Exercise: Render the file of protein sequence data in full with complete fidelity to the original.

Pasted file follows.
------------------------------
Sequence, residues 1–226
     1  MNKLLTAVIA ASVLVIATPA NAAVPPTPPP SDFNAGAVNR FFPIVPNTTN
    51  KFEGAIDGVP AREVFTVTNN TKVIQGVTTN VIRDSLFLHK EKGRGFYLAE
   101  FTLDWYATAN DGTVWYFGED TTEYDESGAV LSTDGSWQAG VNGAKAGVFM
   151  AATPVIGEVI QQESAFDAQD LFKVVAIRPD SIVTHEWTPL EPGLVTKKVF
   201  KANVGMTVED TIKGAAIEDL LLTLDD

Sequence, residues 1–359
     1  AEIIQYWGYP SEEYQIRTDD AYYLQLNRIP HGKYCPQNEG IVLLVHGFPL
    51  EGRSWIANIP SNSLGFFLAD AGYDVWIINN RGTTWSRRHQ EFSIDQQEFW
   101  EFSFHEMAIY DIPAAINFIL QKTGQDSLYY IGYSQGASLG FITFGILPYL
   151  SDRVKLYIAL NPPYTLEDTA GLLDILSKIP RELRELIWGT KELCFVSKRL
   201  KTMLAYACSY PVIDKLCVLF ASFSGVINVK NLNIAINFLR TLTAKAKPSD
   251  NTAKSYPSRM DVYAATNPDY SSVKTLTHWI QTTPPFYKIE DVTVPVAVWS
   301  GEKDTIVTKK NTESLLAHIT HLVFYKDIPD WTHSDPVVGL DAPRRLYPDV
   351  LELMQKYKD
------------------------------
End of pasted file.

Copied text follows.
Sequence, residues 1–226
     1  MNKLLTAVIA ASVLVIATPA NAAVPPTPPP SDFNAGAVNR FFPIVPNTTN
    51  KFEGAIDGVP AREVFTVTNN TKVIQGVTTN VIRDSLFLHK EKGRGFYLAE
   101  FTLDWYATAN DGTVWYFGED TTEYDESGAV LSTDGSWQAG VNGAKAGVFM
   151  AATPVIGEVI QQESAFDAQD LFKVVAIRPD SIVTHEWTPL EPGLVTKKVF
   201  KANVGMTVED TIKGAAIEDL LLTLDD

Sequence, residues 1–359
     1  AEIIQYWGYP SEEYQIRTDD AYYLQLNRIP HGKYCPQNEG IVLLVHGFPL
    51  EGRSWIANIP SNSLGFFLAD AGYDVWIINN RGTTWSRRHQ EFSIDQQEFW
   101  EFSFHEMAIY DIPAAINFIL QKTGQDSLYY IGYSQGASLG FITFGILPYL
   151  SDRVKLYIAL NPPYTLEDTA GLLDILSKIP RELRELIWGT KELCFVSKRL
   201  KTMLAYACSY PVIDKLCVLF ASFSGVINVK NLNIAINFLR TLTAKAKPSD
   251  NTAKSYPSRM DVYAATNPDY SSVKTLTHWI QTTPPFYKIE DVTVPVAVWS
   301  GEKDTIVTKK NTESLLAHIT HLVFYKDIPD WTHSDPVVGL DAPRRLYPDV
   351  LELMQKYKD